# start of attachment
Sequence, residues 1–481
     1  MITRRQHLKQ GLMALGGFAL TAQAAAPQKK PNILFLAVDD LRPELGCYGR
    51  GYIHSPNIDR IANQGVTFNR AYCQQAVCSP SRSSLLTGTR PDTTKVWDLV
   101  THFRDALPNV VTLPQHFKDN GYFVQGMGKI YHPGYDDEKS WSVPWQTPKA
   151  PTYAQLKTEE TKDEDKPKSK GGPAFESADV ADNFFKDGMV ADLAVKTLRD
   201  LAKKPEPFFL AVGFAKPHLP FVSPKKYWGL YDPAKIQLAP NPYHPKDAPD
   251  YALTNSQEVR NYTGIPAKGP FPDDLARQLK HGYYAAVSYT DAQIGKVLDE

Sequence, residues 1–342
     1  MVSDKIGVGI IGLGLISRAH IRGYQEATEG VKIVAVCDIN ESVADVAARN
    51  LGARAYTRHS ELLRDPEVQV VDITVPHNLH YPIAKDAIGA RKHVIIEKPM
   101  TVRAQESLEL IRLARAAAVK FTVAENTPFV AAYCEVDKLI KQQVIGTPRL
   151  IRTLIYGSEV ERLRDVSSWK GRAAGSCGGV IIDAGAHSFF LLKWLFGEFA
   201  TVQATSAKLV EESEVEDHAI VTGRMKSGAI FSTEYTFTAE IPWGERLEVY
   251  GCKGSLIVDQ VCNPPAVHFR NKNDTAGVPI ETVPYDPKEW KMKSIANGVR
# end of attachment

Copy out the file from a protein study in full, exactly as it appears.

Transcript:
Sequence, residues 1–481
     1  MITRRQHLKQ GLMALGGFAL TAQAAAPQKK PNILFLAVDD LRPELGCYGR
    51  GYIHSPNIDR IANQGVTFNR AYCQQAVCSP SRSSLLTGTR PDTTKVWDLV
   101  THFRDALPNV VTLPQHFKDN GYFVQGMGKI YHPGYDDEKS WSVPWQTPKA
   151  PTYAQLKTEE TKDEDKPKSK GGPAFESADV ADNFFKDGMV ADLAVKTLRD
   201  LAKKPEPFFL AVGFAKPHLP FVSPKKYWGL YDPAKIQLAP NPYHPKDAPD
   251  YALTNSQEVR NYTGIPAKGP FPDDLARQLK HGYYAAVSYT DAQIGKVLDE

Sequence, residues 1–342
     1  MVSDKIGVGI IGLGLISRAH IRGYQEATEG VKIVAVCDIN ESVADVAARN
    51  LGARAYTRHS ELLRDPEVQV VDITVPHNLH YPIAKDAIGA RKHVIIEKPM
   101  TVRAQESLEL IRLARAAAVK FTVAENTPFV AAYCEVDKLI KQQVIGTPRL
   151  IRTLIYGSEV ERLRDVSSWK GRAAGSCGGV IIDAGAHSFF LLKWLFGEFA
   201  TVQATSAKLV EESEVEDHAI VTGRMKSGAI FSTEYTFTAE IPWGERLEVY
   251  GCKGSLIVDQ VCNPPAVHFR NKNDTAGVPI ETVPYDPKEW KMKSIANGVR